Another wonderful day ! Nothing better than a CTD watch to take pictures of seals and penguins (see below).
We started the watch with a beautiful weather, but soon fog came upon us, creating an eerie atmosphere.
Sometimes only a thin layer of ice was covering the water, and geometrical patterns called ice fingers could be seen here and there...
... sometimes even looking like words :
The passage of the ship through the ice breaks down the thin ice cover into many pieces, creating a giant puzzle :
Back to the CTD casts : a station consists in stopping the ship, lowering the CTD rosette in the water down to just above the bottom, and pulling it back up. Here is the rosette coming back to the deck after a cast :
Plastic bottles, called Niskin bottles, are attached to the rosette. They are all open first, and can be triggered to close at any depth, sealing water inside from this depth for subsequent analysis of salinity, oxigen isotopes, nutrient content, and other properties. Attached to the CTD frame are also various sensors, including Acoustic Doppler Current Meters (the yellow and black devices).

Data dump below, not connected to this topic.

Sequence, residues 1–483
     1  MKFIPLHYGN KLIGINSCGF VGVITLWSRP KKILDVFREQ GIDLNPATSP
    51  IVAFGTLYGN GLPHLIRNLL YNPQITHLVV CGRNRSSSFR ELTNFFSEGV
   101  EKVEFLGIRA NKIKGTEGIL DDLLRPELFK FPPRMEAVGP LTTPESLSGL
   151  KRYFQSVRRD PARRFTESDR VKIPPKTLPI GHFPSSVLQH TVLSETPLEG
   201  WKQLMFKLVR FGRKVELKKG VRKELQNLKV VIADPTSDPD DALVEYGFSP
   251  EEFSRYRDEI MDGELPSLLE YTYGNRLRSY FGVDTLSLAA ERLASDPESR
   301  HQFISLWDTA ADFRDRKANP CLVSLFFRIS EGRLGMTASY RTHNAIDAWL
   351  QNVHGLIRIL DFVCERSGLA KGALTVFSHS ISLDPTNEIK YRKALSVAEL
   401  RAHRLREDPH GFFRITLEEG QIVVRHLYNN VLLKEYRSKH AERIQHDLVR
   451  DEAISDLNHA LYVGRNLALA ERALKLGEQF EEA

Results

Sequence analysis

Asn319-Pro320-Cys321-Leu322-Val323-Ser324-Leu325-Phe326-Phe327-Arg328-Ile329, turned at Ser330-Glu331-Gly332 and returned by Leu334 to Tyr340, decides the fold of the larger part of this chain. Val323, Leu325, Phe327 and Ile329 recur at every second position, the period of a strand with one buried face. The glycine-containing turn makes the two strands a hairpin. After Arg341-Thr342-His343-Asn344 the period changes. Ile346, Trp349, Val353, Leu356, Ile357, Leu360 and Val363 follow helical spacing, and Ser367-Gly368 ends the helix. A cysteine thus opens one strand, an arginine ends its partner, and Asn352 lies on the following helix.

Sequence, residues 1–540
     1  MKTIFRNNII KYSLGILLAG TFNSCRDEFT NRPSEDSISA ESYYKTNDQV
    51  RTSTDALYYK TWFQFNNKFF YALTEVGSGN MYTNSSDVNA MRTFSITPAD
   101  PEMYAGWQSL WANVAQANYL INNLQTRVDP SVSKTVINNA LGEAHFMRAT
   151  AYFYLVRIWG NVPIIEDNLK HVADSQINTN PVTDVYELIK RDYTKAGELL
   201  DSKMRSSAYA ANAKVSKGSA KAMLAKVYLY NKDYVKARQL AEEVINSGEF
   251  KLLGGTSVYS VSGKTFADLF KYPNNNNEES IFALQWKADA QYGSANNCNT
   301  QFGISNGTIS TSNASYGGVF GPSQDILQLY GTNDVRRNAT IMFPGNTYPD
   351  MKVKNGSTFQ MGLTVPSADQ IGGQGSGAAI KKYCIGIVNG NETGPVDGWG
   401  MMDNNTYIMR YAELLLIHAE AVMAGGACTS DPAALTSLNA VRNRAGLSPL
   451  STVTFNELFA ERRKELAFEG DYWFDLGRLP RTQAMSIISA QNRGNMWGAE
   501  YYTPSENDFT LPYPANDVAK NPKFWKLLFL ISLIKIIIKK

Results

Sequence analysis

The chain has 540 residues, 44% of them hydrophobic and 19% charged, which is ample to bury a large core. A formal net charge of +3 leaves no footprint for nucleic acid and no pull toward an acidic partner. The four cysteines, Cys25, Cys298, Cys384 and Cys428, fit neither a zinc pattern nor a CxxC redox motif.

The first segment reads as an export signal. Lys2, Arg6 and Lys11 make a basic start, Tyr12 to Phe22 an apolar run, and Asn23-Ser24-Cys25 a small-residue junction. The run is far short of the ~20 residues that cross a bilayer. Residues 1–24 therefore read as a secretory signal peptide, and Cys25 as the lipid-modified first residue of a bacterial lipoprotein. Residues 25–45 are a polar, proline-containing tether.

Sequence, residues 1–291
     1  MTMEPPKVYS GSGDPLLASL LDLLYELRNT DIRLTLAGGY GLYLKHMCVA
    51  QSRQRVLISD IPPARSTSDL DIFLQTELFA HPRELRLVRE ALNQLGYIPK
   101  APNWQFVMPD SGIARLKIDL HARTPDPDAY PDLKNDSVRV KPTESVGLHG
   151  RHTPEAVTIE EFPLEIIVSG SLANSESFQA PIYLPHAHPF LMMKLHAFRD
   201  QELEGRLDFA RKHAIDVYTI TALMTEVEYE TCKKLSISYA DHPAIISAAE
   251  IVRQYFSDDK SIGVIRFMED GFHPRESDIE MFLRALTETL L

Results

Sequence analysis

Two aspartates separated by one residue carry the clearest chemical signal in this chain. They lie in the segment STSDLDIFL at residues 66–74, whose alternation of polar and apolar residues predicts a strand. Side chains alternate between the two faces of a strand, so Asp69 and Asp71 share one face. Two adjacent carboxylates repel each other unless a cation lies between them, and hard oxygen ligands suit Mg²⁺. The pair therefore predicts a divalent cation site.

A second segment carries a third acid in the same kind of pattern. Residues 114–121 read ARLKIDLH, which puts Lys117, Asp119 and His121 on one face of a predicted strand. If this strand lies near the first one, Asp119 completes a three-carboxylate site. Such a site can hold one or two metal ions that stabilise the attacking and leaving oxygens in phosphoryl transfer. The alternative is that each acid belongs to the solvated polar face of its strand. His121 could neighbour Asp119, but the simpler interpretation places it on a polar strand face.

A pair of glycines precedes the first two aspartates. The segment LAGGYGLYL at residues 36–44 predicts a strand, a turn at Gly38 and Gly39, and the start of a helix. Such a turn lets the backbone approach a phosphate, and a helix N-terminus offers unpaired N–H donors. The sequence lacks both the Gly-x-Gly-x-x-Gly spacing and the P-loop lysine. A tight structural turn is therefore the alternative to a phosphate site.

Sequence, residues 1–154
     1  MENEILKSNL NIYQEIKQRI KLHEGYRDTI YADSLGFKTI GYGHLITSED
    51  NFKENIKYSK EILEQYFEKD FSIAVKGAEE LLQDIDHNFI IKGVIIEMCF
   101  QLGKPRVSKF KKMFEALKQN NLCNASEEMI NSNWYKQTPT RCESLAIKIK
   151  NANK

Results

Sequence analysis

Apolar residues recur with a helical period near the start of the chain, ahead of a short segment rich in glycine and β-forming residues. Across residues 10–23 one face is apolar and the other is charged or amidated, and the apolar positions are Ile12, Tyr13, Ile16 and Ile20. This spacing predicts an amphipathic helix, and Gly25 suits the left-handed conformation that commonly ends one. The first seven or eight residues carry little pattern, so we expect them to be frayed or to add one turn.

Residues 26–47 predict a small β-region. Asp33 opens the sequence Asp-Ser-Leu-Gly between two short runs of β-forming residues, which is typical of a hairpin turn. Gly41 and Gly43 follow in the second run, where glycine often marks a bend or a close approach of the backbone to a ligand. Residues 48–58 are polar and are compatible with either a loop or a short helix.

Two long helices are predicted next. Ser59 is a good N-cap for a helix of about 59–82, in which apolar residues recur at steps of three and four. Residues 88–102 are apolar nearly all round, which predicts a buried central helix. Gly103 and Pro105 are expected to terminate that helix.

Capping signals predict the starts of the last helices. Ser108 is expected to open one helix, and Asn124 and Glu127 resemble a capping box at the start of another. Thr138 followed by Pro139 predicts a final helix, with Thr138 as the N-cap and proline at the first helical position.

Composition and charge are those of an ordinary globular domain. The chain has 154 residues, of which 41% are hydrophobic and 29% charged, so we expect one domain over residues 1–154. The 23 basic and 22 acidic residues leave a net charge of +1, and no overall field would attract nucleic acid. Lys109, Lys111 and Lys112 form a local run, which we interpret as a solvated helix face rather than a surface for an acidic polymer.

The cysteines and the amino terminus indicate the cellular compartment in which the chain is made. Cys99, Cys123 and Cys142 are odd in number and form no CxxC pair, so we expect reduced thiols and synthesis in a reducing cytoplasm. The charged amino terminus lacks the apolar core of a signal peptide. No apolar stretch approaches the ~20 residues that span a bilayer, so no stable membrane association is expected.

Once the rosette is back to the deck, the Niskin bottles are emptied in glass bottles for subsequent laboratory analyses, and the ship moves to the next station. We did not took many bottles, and the stations were sufficiently far apart from one another, to leave us some time in between to take pictures. Since I was dressed up warm enough to stay outside for hours, I had plenty of time to watch for seals and penguins, and I got my share of nice pictures ! Below are the best shots.
During a CTD station, an emperor penguin approached the ship on a nearby ice float, to see what we were doing. All our cameras were quickly put into action !